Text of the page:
The story of psychologist William Moulton Marston, the polyamorous relationship between his wife and his mistress, the creation of his beloved comic book character Wonder Woman, and the controversy the comic generated.
Set over one summer, the film follows precocious 6-year-old Moonee as she courts mischief and adventure with her ragtag playmates and bonds with her rebellious but caring mother, all while living in the shadows of Disney World.
A group of U.S. soldiers returning from Iraq struggle to integrate back into family and civilian life, while living with the memory of a war that threatens to destroy them long after they've left the battlefield.
A humble businessman with a buried past seeks justice when his daughter is killed in an act of terrorism. A cat-and-mouse conflict ensues with a government official, whose past may hold clues to the killers' identities.
The inspiring true love story of Robin and Diana Cavendish, an adventurous couple who refuse to give up in the face of a devastating disease. Their heartwarming celebration of human possibility marks the directorial debut of Andy Serkis.
Stranded after a tragic plane crash, two strangers must forge a connection to survive the extreme elements of a remote snow-covered mountain. When they realize help is not coming, they embark on a perilous journey across the wilderness.
Details the unconventional life of Dr. William Marston, the Harvard psychologist and inventor who helped invent the modern lie detector test and created Wonder Woman in 1941. Marston was in a polyamorous relationship with his wife Elizabeth, a psychologist and inventor in her own right, and Olive Byrne, a former student who became an academic. This relationship was key to the creation of Wonder Woman, as Elizabeth and Olive's feminist ideals were ingrained in the character from her creation. Marston died of skin cancer in 1947, but Elizabeth and Olive remained a couple and raised their and Marston's children together. The film is said to focus on how Marston dealt with the controversy surrounding Wonder Woman's creation.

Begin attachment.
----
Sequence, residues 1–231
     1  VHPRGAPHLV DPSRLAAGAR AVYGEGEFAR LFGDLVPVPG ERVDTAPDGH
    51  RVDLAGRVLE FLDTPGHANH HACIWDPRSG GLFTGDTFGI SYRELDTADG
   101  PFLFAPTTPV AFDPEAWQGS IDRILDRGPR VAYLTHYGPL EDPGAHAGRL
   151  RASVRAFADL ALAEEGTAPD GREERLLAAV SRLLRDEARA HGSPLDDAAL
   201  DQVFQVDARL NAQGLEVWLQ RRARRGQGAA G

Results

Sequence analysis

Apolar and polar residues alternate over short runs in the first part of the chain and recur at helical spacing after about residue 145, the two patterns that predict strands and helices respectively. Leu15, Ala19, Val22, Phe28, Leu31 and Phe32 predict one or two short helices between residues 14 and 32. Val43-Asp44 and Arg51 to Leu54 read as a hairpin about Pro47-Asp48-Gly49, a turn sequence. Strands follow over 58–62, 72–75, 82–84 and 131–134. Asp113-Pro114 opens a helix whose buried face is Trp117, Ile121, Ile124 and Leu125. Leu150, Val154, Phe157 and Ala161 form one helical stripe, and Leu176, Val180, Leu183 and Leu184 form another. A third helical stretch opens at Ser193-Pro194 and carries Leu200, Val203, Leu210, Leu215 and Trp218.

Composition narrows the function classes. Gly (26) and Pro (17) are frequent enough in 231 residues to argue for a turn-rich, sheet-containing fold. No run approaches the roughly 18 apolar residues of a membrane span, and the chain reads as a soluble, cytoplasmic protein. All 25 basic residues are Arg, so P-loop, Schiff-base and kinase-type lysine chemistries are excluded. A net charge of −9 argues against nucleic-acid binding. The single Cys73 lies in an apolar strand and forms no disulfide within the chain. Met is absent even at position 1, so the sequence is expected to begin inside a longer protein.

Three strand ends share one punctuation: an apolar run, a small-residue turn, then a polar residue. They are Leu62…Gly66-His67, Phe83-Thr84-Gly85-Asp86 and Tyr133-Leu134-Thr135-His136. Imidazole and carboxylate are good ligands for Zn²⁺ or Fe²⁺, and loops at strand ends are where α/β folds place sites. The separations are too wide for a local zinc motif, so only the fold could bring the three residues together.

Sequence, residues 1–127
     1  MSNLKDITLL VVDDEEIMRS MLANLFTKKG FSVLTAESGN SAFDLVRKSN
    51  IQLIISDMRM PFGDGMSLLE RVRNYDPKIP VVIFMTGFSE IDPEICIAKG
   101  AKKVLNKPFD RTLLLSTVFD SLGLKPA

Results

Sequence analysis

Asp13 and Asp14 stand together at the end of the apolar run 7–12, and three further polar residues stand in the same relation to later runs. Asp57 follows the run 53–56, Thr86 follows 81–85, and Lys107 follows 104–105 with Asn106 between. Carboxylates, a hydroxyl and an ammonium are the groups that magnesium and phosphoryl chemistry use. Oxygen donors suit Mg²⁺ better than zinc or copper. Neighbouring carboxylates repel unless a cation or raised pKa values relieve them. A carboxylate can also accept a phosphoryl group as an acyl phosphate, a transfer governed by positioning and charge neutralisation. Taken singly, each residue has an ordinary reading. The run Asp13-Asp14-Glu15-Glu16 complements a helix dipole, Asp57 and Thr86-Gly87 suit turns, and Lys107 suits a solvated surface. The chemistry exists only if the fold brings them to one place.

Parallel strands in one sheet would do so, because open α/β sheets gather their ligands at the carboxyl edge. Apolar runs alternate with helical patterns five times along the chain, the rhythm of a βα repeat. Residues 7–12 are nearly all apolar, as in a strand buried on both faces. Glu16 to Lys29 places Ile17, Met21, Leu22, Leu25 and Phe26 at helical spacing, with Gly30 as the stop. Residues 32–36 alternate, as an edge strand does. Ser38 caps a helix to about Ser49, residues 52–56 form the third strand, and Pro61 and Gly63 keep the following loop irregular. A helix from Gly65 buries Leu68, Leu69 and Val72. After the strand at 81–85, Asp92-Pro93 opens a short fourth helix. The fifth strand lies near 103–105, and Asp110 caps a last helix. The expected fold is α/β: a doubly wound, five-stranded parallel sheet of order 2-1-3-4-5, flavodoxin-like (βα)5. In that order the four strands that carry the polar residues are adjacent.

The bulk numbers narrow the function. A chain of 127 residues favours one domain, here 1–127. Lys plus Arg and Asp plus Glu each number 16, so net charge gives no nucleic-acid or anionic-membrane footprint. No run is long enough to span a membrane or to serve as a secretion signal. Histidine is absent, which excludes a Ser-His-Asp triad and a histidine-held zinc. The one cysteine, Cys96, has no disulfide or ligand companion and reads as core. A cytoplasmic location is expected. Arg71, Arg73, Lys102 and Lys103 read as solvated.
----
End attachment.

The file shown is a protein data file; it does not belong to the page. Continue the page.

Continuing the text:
Fascinating Story to Watch With Great Performances
For the 1920-40's, this kind of lifestyle was seen as incredibly risqué and provocative. Even today, though we have progressed a lot in terms of sexual acceptance, this sort of relationship would still be looked down upon. So the fact that it happened so long ago makes it all the more fascinating to see unfold on screen. One of this movie's strengths is that it doesn't paint any kind of lifestyle in an unrealistically positive light. This isn't a propaganda piece, trying to convince you to live a polyamorous life. It also doesn't trash it, making their relationship out to be a mockery. Rather, the point of the film is to show that William, Elizabeth, and Olive had was genuine love, portrayed beautifully through the use of the lie detector test. It wasn't necessarily condoning it, nor was it discriminating against it. It simply displayed the lifestyle as it was, and showed that this was true, earnest love. Whatever you take away from that is your own thoughts and opinions, and I thought that was one truly remarkable element of this movie...
1 of 1 people found this review helpful.
Was this review helpful to you?